The Right to Healthcare
Multinational Monitor, October
International Law is clear on the meaning
of the right to health, and it is time that right be made real.
The International Covenant on Economic,
Social, and Cultural Rights, one of the two core covenants adopted
under the Universal Declaration of Human Rights, recognizes "the
right of everyone to the enjoyment of the highest attainable standard
of physical and mental health."
Although the United States is not a party
to the covenant, most other countries are.
The United States is not a party to the
economic and social rights treaty in part because the agreement
contains what are considered affirmative rights the right not
only to be free of government interference (such as the right
not to have the government interfere with speech rights, or the
right not to be tortured), but a positive obligation by government
to provide certain conditions so they people may live free of
fear or want.
One criticism of affirmative rights is
that they are ephemeral. Governments face real resource constraints,
and a right that demands a government spend money it does not
have serves no purpose, the argument runs.
But human rights advocates are not just
International legal bodies have worked
out a sensible framework for balancing a government's duty to
guarantee people with an decent standard of living, including
adequate food, clothing and housing, healthcare and education,
with their real resource constraints.
The basic rule is that governments first
must not impose obstacles to realization of this right, and second
that they must also take all appropriate measures what they can
reasonably do, given realistic constraints - to fulfill their
affirmative rights obligations.
When it comes to healthcare, what all
this means in practice is that governments cannot rely on the
market to deliver healthcare. Experience in rich and poor countries
alike shows that market mechanisms will work to deny people care
- and, indeed, the best profit opportunity for private insurers
comes from maneuvering to avoid providing insurance to those most
likely to become sick.
The sick should not be penalized for needing
healthcare. It is penalty enough being sick in the first place.
Providing healthcare costs money. In poor
countries, it actually does not cost that much. In rich countries,
it does. Whatever the cost, all people of a country should share
in those costs - they should not be apportioned to the ill and
all people should be able to get access to care.
For developing countries, perhaps the
most the most pressing policy implication of that principle is
the abolition of user fees charges for using healthcare services.
There is an abundance of evidence that such charges - even when
they are as low as a dollar or two deter people from getting care
that they need.
It certainly means expanding the role
of the public sector in health provision. The Venezuelan approach
that Peter Maybarduk recounts in this issue is resource-intensive
and probably replicable only in middle-income countries. But the
real lesson from Venezuela is transferable to poorer developing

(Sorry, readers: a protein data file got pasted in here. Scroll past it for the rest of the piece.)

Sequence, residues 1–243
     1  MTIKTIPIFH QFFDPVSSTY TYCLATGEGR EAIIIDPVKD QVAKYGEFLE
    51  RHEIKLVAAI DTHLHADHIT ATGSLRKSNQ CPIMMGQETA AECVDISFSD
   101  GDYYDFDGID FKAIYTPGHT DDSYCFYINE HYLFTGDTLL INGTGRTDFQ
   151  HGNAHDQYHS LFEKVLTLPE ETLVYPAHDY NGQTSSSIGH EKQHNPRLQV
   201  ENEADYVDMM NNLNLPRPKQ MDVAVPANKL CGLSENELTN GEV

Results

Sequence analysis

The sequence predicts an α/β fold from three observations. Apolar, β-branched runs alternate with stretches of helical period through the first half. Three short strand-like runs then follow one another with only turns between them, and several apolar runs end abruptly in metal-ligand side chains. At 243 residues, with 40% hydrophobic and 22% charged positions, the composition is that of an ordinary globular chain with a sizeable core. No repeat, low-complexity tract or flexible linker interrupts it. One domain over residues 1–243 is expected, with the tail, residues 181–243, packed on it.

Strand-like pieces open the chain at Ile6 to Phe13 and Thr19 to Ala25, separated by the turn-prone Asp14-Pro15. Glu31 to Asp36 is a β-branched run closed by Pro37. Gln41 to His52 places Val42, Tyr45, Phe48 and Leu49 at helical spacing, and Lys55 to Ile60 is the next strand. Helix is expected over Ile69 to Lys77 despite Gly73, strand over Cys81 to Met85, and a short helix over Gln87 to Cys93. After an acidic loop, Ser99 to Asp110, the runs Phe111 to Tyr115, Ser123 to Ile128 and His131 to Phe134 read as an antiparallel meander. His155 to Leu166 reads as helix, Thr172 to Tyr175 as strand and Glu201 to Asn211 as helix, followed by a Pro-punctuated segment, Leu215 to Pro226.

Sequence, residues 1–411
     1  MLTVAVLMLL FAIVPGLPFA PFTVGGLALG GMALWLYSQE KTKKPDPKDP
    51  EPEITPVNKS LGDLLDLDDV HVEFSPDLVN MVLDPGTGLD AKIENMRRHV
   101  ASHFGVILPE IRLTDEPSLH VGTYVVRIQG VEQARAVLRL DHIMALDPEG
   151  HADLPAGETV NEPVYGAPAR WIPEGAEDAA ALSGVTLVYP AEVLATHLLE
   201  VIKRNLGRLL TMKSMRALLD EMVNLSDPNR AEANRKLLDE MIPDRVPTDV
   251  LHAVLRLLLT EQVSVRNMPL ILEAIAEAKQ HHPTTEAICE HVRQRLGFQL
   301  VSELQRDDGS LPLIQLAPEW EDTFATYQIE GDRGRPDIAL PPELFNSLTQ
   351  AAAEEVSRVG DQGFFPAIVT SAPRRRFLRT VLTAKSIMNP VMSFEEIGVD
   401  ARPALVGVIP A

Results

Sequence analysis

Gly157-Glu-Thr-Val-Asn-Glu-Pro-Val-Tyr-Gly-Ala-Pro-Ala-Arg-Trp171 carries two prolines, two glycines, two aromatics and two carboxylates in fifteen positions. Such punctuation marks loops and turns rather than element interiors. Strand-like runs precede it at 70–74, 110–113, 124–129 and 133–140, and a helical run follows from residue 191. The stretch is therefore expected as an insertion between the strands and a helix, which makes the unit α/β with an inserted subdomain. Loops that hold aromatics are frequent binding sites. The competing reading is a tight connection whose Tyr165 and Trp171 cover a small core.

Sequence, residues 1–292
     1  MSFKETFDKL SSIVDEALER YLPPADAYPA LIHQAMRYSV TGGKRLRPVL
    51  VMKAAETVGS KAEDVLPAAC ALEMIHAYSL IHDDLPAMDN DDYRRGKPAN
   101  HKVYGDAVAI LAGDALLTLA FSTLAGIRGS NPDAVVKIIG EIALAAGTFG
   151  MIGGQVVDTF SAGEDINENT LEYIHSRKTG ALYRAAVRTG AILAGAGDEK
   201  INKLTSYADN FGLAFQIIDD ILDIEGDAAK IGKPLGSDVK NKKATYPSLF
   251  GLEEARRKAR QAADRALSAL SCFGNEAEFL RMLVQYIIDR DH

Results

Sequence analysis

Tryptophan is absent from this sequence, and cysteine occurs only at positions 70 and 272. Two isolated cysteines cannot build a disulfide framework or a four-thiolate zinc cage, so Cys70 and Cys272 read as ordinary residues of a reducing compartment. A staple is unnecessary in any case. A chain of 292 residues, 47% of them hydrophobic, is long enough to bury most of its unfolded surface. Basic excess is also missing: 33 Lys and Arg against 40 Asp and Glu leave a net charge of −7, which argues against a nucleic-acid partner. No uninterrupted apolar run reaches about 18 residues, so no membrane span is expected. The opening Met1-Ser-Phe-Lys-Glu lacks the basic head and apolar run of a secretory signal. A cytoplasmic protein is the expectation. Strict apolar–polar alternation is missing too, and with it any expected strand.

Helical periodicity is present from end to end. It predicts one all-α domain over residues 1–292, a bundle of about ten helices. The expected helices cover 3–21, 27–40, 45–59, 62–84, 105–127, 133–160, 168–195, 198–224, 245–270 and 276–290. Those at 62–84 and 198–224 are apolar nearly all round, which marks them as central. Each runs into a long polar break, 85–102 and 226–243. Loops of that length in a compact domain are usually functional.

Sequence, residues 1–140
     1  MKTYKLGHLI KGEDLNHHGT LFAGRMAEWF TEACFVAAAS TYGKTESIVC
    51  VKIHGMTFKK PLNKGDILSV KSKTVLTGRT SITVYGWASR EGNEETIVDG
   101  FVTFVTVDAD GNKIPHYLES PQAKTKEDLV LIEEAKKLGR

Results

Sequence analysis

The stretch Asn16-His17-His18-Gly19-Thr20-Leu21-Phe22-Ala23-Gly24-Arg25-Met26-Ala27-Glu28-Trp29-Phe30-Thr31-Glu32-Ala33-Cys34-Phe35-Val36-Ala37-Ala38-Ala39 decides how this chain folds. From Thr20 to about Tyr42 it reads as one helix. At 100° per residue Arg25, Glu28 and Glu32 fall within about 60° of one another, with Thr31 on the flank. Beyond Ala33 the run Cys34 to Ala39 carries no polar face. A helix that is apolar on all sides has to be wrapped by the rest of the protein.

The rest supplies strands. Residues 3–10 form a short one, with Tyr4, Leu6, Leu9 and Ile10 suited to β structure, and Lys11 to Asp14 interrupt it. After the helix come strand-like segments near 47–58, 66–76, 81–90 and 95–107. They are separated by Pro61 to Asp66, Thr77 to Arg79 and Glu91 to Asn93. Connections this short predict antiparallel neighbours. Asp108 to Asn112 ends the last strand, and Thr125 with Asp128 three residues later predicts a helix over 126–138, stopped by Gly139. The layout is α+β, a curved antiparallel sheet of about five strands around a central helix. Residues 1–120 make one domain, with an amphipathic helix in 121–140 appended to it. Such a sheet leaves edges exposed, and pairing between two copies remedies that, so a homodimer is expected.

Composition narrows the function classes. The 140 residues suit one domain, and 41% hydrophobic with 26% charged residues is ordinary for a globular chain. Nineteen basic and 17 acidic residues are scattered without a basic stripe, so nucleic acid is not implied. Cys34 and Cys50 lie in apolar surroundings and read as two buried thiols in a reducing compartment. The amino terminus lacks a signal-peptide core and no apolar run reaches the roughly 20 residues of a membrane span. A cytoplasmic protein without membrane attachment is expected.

countries: with political commitment, major improvements in providing
access to primary healthcare can be achieved, and quickly.
Unfortunately, under pressure from the
International Monetary Fund and World Bank, as well as government
donors, industry lobbies and market fundamentalist economists
and policy advisers, too many developing countries are moving
in the opposite direction. Celia Iriart, Howard Waitzkin and Emerson
Merhy document the disturbing trend of multinational insurers
gaining an ever-expanding foothold in Latin America, and the deleterious
At least in developing countries, resource
constraints are a plausible explanation of failure to deliver
healthcare to all. What possible excuse does the richest country
in the world, the United States, have?
Forty-five million people in the United
States do not have health insurance. Another 50 million have inadequate
insurance. And even those with decent insurance coverage frequently
have to confront bureaucratic hassles and decisions that can interfere
with the provision of care and at the very least induce a migraine
The market-based health insurance system
in the United States has failed totally.
As Rose Ann DeMoro and Claudia Fegan argue
in interviews in this issue, it must be replaced entirely. The
solution is simple: a single-payer system, where the federal government
takes over the role of providing health insurance.
The economics are quite simple, as Fegan
explains: "We could take the amount of money that we're spending
on healthcare today, and provide coverage for everyone. We could
do that if we eliminated the 25 to 30 percent of every healthcare
dollar that goes to overhead for the insurance industry. Publicly
administered plans take less than 5 percent in administrative
In the process, the level of care could
actually be improved, with healthcare funding decisions based
on public health needs, not distorted as they now are by the profit-based
priorities of health insurers and other profit-maximizing actors
in the healthcare field.
Making the right to health real through
such policy reforms, of course, is not primarily a matter of making
good arguments. It is a matter of overcoming the vested and ideological
interests that stand in the way.